My Life

Why I Cried in a Vegas Comedy Club

I’m reminded tonight of my bleeding heart. The reminder came from a football game.

Coach Pete Adkins

I grew up in the Pete Adkins era of Jays Football. If you are from Missouri, you probably know what that means. Coach Adkins won a lot of football games. And his teams didn’t just win them. They slaughtered the other team. Every season the Jefferson City Jays would score 40, 50, 60-some points and the opposition would score “0”. Our high school and town took great pride in it year after year.
In high school, I wasn’t really thrilled about it but I didn’t really care too much either. Mostly, I just saw us as an overconfident, sometimes cocky school and community when it came to sports. It was fun to win games but it clearly went to our heads and other teams didn’t stand a chance. I love to win (who doesn’t) but would prefer a close game. I never played on a sports team and that is probably wise since I definitely lack a killer instinct.
After a few years where the Jays not only didn’t win by 60 points but didn’t win period, we are back to some Adkins-era scores this season – 36-0; 42-0. Tonight was another night and with all the cheers coming across Facebook, I was instead thinking of the other team. What a hard night for them – to play, possibly with everything they’ve got, and not score a single point. To come out on the field and face a giant and get trounced. My bleeding heart was stirred. I’m too soft for sports, I think.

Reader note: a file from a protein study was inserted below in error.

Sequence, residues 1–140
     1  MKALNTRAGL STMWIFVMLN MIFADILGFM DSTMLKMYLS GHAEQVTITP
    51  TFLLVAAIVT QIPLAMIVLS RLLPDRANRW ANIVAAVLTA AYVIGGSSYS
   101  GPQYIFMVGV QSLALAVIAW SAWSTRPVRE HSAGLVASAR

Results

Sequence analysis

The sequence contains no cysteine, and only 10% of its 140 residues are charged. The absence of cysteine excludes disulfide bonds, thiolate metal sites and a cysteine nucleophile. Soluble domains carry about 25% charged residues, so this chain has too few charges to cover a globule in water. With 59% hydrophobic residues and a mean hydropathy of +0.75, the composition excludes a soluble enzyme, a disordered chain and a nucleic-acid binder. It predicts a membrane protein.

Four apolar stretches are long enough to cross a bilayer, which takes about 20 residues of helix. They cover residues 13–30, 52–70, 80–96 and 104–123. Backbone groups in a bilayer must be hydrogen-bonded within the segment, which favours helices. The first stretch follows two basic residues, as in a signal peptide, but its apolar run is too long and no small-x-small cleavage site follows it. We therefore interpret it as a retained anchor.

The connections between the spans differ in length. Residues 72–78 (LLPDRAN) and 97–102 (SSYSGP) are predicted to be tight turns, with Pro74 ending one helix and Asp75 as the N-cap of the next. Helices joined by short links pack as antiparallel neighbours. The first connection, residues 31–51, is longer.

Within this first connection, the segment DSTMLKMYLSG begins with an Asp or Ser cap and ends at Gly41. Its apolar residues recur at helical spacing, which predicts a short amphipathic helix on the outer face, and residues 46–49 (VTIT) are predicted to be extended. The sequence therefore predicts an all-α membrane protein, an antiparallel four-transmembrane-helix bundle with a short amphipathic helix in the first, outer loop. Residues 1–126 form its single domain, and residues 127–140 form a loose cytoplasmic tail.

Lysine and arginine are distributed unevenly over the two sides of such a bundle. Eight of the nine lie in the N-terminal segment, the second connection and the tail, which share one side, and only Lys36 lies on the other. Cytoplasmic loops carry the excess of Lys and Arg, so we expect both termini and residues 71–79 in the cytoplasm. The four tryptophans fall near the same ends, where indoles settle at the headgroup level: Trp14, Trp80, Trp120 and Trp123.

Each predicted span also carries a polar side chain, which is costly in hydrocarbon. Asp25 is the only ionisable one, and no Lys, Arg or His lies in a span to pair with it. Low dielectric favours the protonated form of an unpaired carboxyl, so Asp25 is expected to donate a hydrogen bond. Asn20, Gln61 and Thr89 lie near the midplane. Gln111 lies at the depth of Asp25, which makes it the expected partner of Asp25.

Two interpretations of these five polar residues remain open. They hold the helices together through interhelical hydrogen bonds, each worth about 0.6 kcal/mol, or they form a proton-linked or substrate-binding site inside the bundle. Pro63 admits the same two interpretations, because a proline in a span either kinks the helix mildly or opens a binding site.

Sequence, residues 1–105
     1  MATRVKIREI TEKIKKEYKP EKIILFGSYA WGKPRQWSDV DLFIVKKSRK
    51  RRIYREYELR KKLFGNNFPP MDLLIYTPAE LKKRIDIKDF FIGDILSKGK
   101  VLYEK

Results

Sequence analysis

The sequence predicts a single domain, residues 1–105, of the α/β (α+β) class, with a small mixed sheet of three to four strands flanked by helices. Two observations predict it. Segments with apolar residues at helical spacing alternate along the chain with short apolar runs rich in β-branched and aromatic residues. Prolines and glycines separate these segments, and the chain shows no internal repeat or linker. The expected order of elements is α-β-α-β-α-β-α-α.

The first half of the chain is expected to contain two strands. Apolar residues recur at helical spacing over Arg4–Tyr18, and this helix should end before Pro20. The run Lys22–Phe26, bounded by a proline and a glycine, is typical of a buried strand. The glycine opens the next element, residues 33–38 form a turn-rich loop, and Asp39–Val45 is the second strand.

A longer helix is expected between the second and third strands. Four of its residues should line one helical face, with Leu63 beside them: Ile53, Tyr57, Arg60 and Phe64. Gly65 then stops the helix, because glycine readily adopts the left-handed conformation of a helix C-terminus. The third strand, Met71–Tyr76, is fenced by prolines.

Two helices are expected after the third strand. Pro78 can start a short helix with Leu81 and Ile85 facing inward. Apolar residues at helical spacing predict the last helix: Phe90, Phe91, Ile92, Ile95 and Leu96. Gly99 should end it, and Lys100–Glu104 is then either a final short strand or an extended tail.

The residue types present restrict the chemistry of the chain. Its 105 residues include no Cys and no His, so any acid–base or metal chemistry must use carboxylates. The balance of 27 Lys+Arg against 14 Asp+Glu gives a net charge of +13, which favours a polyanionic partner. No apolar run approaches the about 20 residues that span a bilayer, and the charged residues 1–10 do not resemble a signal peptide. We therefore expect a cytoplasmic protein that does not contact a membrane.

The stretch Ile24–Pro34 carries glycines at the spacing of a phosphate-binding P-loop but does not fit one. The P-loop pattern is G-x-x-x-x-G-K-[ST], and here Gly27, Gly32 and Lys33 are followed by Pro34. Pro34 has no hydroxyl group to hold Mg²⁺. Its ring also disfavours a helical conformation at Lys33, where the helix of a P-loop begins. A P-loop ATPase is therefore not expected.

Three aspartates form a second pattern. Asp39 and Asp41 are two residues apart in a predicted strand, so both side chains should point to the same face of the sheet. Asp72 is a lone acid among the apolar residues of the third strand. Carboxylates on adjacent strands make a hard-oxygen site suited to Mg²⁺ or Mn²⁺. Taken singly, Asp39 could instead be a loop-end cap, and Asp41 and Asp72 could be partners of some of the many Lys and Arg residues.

Perhaps the lowest point for my bleeding heart came at a comedy club in Vegas. A few years ago, I went to Vegas for a long weekend with three girlfriends. It was the birthday weekend for one of the friends and this was her destination choice. We stayed at the Mirage hotel and spent the days doing a variety of things – sitting by the pool, shopping, sight-seeing, etc. Vegas is definitely not my type of town. I didn’t enjoy the crowds or most of the activities. Everything seemed to hurt my heart – watching folks spend hours and thousands of dollars in the casino, wondering whose lives, beside their own, they were throwing away with the dice; going to the shops and seeing the millions of dollars wasted on material things with zero worth; walking on paper advertisements selling girls – papers that litered the streets of Vegas.
By our last night in Vegas, I was emotionally drained and my heart was bleeding significantly. We had tickets to a local comedy club for our final night in Vegas and went to the show. The first two comedians were pretty funny – mostly self-deprecating humor. But the third comedian was just mean. He told joke after joke making fun of other people, the final straw being a joke about a boy with mental disabilities.
I was getting mad and wanted to punch his lights out. But instead tears started to flow and I knew what was coming. I told my friend I’d meet them outside after the show and rushed for the door as I began to just weep. My heart had had all it could stand.
I’m standing in the lobby, crying and trying to gain my composure when two guards approach me.

“Ma’am, are you alright? Do you need any help?”
“Yes, please. The comic is being mean. Please make him stop.”
(Of course I didn’t say that. I may be soft but I’m not an idiot. Instead, I replied ….)
“No, thank you. I’ll be fine. I just needed some fresh air.”

My friend swears she will never take me to Vegas again. And that is just fine by me and my bleeding heart.
What makes your heart bleed? Leave a comment here.


  • Melissa Duckett